Dealing with disparity : Identity development of same-sex attracted/gay men raised in the Church of Jesus Christ of Latter-day Saints
Salt Lake City, UT
University of Utah
Individuals with same-sex orientation often have a difficult time reconciling their sexuality with their religious views. Utilizing a qualitative methodology, this dissertation explored the process and pain of identity development when faced with the disparity between same-sex orientation and religion by focusing on the experiences of same-sex attracted/gay males raised in The Church of Jesus Christ of Latter-day Saints (LDS).
Twenty-one same-sex attracted/gay males who were either raised in the LDS Church or identified as converts to the LDS Church served as participants. Participants were diverse with regard to their sexual orientation self-identifications (e.g., gay, bisexual, heterosexual) and their relationship with the LDS Church. Each individual participated in an in-depth, semistructured interview. Perspectives were obtained about experiences growing up in the LDS Church, the awareness of being same-sex oriented, and the process of dealing with these two identities. Interviews were audiotaped and transcribed. Transcriptions were coded and analyzed for common themes and a grounded theory of identity development of same-sex attracted/gay individuals in the context of religion was outlined.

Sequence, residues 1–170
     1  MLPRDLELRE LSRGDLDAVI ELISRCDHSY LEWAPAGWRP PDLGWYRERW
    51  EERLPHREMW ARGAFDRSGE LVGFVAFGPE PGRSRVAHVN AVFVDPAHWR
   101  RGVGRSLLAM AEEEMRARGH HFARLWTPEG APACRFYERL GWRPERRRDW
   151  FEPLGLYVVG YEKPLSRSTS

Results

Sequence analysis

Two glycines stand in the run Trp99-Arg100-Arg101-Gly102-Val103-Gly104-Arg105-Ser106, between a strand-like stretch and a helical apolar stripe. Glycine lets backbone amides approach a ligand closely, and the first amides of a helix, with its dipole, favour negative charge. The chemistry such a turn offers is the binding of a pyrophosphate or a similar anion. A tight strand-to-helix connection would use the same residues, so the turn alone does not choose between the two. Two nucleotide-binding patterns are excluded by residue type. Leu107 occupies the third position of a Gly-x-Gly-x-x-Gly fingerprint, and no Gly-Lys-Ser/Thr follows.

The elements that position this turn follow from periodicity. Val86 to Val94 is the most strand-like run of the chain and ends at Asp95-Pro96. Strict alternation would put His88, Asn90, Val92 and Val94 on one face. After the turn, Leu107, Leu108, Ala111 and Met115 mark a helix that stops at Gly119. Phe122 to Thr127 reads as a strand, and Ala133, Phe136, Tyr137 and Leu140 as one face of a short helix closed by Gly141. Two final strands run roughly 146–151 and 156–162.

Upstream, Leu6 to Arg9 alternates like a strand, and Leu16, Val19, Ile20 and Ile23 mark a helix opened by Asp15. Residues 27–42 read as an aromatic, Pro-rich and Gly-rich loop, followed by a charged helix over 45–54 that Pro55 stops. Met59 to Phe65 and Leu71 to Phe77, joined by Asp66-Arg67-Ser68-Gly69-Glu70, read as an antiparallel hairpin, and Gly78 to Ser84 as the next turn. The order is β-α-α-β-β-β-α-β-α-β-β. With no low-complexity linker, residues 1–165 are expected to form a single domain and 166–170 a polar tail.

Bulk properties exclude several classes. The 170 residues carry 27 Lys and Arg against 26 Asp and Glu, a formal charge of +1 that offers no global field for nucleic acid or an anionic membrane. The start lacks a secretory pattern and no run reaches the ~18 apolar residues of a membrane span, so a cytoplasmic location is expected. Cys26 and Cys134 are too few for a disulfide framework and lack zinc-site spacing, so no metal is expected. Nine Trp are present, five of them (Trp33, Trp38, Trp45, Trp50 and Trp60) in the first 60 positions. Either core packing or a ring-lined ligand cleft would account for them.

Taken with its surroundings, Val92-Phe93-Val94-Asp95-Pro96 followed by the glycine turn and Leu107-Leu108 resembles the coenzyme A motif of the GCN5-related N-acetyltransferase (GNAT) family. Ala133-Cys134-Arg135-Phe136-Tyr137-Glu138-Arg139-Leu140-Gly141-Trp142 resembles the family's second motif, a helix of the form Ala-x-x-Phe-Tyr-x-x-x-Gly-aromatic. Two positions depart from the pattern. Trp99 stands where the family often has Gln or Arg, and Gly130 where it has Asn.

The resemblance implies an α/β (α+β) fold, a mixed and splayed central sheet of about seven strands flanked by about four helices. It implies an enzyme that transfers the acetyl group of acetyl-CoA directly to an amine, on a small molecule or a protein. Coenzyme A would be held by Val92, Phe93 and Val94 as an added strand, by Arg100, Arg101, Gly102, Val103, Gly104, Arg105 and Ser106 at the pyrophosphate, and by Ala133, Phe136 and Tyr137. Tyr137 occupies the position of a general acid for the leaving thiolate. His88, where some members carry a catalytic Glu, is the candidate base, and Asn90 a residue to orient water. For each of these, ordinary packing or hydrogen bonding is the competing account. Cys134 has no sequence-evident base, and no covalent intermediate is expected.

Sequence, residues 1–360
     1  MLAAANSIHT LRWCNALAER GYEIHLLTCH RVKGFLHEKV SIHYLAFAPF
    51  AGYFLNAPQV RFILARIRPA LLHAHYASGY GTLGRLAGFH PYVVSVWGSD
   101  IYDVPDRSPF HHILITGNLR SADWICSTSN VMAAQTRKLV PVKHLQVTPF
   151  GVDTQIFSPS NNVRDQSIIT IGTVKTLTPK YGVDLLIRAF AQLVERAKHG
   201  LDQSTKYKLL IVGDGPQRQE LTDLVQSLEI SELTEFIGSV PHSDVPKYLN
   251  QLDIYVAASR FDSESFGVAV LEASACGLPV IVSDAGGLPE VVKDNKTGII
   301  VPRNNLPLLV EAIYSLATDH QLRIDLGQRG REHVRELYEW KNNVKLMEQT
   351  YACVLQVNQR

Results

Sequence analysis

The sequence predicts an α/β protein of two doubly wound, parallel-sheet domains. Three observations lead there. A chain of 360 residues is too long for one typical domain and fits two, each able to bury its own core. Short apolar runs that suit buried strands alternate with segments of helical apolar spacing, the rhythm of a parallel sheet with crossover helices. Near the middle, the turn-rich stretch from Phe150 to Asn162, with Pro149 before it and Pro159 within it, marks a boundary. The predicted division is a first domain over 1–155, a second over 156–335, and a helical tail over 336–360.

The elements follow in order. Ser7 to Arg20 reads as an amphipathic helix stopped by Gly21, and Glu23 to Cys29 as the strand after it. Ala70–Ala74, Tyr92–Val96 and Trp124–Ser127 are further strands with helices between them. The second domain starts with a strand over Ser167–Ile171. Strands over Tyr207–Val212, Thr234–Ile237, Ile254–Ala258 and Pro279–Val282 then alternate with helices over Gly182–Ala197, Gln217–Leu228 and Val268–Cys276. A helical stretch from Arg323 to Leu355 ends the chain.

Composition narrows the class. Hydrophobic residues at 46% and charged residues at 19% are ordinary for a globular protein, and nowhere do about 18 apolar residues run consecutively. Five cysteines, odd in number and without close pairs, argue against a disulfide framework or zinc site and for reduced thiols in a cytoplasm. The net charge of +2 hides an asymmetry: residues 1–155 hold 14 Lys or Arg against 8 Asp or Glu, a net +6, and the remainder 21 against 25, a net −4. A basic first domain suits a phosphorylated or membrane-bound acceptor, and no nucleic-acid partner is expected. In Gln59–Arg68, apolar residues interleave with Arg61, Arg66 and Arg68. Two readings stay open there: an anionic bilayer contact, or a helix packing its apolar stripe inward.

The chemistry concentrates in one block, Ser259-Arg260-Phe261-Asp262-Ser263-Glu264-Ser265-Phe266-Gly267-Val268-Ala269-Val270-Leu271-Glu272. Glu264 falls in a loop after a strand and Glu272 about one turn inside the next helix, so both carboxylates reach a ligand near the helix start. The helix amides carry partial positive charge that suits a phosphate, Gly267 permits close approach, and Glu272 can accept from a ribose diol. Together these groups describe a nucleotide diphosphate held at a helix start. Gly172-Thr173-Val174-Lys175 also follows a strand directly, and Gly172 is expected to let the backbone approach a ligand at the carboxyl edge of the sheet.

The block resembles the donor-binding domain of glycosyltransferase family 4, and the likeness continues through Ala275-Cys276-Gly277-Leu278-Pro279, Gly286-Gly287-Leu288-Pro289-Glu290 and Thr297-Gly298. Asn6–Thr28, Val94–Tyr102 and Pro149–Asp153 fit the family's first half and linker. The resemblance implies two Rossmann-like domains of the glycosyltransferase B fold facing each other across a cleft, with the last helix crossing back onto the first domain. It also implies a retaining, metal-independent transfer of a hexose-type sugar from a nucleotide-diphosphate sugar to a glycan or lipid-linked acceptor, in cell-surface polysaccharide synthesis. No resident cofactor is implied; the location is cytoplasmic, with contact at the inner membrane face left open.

Individuals in the study described the journeys they undertook to develop an integrated and acceptable sense of identity. The identity-development process began with an early awareness of feeling “different” and experiencing overwhelming feelings related to this awareness. Participants also described the strategies they developed to cope with these overwhelming feelings. Identity development continued with a process of cycling in intense guilt and shame as participants attempted to change their same-sex attractions, spiraling downward with being unable to change, and finally being forced into making an identity choice. Resolutions participants developed to deal with the disparity between their sexuality and religious beliefs are presented. Issues related to coming out as gay are described. All 21 participants argued that there are many options for how individuals integrate their same-sex orientation and their religious “orientation” into their overall identities. Additionally, all 21 participants emphasized the importance of finding one's own “path” of identity development encompassing oftentimes painful decisions with respect to one's needs, wants, and values. Moreover, all participants desired that the choices they made in the process of self-determination be respected and honored.